Taller men earn more than their counterparts who score less on the height-o-meter. Period.
The study suggests that taller people make more money simply because they are perceived to be more intelligent and powerful.
The study, conducted in Australia, found that men who are 6-foot tall had annual incomes nearly 1,000 dollars more than men two inches shorter.
"Our estimates suggest that if the average man of about 178 centimetres [5 feet 10 inches] gains an additional five centimetres [2 inches] in height, he would be able to earn an extra 950 dollars per year - which is approximately equal to the wage gain from one extra year of labour market experience," Live Science quoted study co-author Andrew Leigh, an economist at the Australian National University, as saying.
Arianne Cohen, author of 'The Tall Book' said: "The truth is, tall people do make more money. They make 789 dollars more per inch per year."
Cohen says there's nothing else that differentiates these people other than their height.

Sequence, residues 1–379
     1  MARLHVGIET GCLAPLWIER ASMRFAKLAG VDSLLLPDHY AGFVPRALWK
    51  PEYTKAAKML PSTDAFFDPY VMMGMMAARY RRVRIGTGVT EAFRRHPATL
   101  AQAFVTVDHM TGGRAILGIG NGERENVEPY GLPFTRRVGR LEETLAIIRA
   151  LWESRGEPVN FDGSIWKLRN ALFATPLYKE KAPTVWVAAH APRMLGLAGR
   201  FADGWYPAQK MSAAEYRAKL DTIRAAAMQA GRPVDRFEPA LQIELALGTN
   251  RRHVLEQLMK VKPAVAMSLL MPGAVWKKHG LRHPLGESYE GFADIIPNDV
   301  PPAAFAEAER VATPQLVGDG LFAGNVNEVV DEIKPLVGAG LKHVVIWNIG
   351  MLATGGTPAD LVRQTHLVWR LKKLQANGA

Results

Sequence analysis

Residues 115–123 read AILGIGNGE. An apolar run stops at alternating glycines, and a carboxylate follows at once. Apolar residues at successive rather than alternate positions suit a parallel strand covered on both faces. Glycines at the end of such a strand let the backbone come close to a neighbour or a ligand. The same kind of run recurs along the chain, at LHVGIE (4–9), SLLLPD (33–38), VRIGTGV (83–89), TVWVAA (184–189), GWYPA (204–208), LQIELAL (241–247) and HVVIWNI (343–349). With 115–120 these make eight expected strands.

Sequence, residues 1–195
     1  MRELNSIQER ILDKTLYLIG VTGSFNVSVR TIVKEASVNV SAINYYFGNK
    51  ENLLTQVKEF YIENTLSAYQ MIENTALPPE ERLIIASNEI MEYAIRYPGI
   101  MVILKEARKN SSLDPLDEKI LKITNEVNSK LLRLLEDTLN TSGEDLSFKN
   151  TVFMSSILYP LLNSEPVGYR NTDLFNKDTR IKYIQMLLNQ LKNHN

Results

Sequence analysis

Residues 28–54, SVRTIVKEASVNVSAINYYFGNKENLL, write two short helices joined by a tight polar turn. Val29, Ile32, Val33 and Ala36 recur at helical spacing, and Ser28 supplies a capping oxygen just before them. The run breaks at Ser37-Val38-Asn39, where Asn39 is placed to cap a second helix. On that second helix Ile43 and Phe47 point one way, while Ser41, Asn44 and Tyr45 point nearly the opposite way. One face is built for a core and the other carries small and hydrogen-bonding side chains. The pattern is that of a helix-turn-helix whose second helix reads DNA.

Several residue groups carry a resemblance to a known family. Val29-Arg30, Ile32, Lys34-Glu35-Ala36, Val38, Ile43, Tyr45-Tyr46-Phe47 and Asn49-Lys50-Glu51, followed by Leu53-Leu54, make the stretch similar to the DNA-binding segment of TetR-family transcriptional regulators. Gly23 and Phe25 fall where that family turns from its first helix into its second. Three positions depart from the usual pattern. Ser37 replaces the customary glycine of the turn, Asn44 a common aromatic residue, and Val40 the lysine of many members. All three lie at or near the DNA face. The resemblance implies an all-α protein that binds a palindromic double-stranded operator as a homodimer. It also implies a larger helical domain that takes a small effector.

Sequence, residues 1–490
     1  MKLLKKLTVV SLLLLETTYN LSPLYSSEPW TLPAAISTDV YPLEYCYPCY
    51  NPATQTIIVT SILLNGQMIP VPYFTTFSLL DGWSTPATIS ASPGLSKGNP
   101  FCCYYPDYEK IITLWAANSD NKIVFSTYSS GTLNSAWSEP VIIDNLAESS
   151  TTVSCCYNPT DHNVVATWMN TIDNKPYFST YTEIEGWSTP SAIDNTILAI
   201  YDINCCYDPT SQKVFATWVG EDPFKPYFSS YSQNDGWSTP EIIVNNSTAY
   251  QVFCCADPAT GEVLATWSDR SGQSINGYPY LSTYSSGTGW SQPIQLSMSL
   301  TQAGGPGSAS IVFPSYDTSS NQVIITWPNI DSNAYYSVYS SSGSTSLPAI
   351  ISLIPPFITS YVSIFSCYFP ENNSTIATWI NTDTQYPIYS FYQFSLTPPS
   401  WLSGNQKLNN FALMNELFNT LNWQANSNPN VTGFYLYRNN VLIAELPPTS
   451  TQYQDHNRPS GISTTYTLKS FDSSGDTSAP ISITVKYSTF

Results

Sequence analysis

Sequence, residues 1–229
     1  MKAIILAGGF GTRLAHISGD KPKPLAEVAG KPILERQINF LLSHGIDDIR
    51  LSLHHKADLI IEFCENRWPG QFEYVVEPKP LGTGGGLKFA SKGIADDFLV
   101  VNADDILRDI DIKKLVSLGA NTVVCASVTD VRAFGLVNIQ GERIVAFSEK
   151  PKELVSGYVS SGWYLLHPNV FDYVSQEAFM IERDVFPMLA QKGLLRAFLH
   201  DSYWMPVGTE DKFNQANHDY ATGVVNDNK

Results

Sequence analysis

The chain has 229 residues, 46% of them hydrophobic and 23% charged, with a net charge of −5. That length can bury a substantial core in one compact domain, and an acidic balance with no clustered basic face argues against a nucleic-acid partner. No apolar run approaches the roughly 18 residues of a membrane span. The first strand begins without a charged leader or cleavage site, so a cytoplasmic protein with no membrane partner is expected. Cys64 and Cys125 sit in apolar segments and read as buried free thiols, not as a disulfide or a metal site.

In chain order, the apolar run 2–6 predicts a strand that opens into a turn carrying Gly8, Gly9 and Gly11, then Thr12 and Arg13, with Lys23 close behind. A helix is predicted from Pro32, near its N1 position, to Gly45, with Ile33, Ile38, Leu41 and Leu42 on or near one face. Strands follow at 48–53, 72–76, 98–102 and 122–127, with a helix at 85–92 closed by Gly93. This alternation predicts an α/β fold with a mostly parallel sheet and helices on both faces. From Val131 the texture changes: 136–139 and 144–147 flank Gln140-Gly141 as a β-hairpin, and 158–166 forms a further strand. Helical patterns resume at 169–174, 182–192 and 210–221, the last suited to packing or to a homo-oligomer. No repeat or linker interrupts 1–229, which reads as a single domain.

"They're not nicer. They're not prettier. They're not anything else. But they've sort of gotten a halo in society at this point," Cohen said.
Cohen crafted out her book using a 2003 review of four large U.S. and UK studies led by Timothy Judge, a management professor at the University of Florida.
Judge and his colleague concluded that someone who is 7 inches taller - for example, 6 feet versus 5 feet 5 inches - would be expected to earn 5,525 dollars more per year.
Height was found to be more important than gender in determining income and its significance doesn't decline with age.
Judge said that being tall might boost self-confidence, helping to make a person more successful and also prompting people to ascribe more status and respect to the tall person.
Of course all such studies generate averages. A shorter person can certainly beat the odds, and not every tall person is raking it in.
Cohen says the pay advantage is conferred partly because taller people tend to exude leadership.
"Tall people tend to act like a leader from a very young age because other children relate to them like a slightly older peer. In the workplace, when you're automatically acting as a leader, that's really important when it comes time for promotion," she said.
The study has been published in The Economic Record by Wiley-Blackwell.